Foreign trade zones were sparse in 1965 and those in existence back then had ocean and river connections.
There was not a single land port-based foreign trade zone in the mid-1960s. It was 1965 when a group of McAllen business leaders got the idea of establishing a FTZ. These zones allow companies to bring goods onto U.S. soil without paying duty taxes and use parts to manufacture a product that can be exported without import/export surcharges.
It was a leap of faith to believe a FTZ could make it in McAllen. The maquiladora industry was just starting in Mexican border cities. It was theory that a U.S. border city could connect logistically to manufacturing in Mexico. The uncertainty didn’t stop the city’s business leaders from raising funds through the selling of bonds to purchase land. They would establish the infrastructure for what would become the McAllen Foreign Trade Zone #12 in 1970.
On what was once farmland well south of McAllen at that time, FTZ #12 was built. Warehousing and shipping operations would soon follow. It would become one of the nation’s busiest such zones and the first non-seaport FTZ in the United States. Eras have passed and border trade and commerce has changed dramatically since 1970, but it was still noteworthy to mark the 50th anniversary of McAllen’s FTZ in October 2020 and what it has meant to the city.
FTZ Defines A City
“The foreign trade zone is a big part of that magical thing that made McAllen what it is,” said Keith Patridge, the president and CEO of the McAllen Economic Development Corporation. “It’s about a bunch of men who recognized many years ago an opportunity and went after it for the good of the community.”
McAllen’s FTZ rumbled in the 1970s and 80s and into the 1990s. Trucks and commerce were going from the maquila plants of Reynosa to their warehouses and shipping points in McAllen. General Electric, Zenith and many other Fortune 500 companies operated huge warehouses and transportation operations at the FTZ.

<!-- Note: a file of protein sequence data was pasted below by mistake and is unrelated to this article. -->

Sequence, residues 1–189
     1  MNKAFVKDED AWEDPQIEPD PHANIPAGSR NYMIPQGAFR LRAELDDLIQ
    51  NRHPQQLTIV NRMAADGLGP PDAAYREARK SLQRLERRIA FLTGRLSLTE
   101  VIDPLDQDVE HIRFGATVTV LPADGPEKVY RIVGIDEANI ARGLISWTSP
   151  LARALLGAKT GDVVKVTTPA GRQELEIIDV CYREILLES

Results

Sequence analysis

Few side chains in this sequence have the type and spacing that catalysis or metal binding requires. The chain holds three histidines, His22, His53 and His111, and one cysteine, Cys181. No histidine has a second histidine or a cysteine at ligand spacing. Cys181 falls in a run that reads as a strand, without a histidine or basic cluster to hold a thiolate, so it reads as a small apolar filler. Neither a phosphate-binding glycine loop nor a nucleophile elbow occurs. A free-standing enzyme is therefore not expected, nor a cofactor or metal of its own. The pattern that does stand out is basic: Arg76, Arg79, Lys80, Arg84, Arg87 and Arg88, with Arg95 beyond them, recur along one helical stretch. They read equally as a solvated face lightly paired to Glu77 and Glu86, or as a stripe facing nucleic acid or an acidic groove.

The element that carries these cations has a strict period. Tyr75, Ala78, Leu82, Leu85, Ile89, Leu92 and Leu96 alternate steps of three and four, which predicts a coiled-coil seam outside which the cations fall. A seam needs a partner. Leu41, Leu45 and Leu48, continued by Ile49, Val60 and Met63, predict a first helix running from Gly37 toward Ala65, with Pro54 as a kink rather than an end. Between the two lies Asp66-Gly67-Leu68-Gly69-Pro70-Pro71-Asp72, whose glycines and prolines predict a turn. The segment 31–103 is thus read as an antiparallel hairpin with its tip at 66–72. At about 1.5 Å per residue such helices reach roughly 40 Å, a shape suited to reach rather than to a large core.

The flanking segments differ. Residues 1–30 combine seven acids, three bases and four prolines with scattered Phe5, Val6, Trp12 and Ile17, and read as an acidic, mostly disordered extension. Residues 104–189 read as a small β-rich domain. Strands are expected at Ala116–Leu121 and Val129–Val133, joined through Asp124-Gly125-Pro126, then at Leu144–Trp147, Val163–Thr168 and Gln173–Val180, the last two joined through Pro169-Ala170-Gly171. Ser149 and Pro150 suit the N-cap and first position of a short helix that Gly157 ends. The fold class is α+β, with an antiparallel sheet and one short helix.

The cross-border trade established McAllen as a preeminent capital of business. It solidified its identity as a city of both business and economic development. This was especially true during the era of NAFTA.
“It became a manifestation of what made McAllen McAllen,” said Patridge, who also oversees the FTZ in his role as president of the EDC. “It became a key component in the character of McAllen.”
McAllen’s FTZ for many years was led by Mike Allen. The priest-turned-EDC president was a relentless promoter and believer in McAllen’s potential as a business leader on the border. He was particularly known for his close ties to Reynosa’s maquiladora industry. Patridge succeeded Allen and has made his own mark in his leadership of the EDC and FTZ.
USMCA And The Future
McAllen and other border cities are about to enter another momentous era of trade and commerce. The USMCA agreement will tweak NAFTA rules, mandating a higher percent of the total value of a product be made in the United States, Mexico or and Canada. In the automotive sector, at least 40 percent of a vehicle has to be produced by workers making at least $16 an hour with benefits. Economic development specialists hope it will lead to new manufacturing facilities moving to the Rio Grande Valley.
“We’re all hoping that it lead to some great opportunities for the Valley,” Patridge said of the new USMCA agreement.
It’ll be the latest chapter in a story that began 50 years in scouting farmland for what would become one of the nation’s biggest FTZ success stories.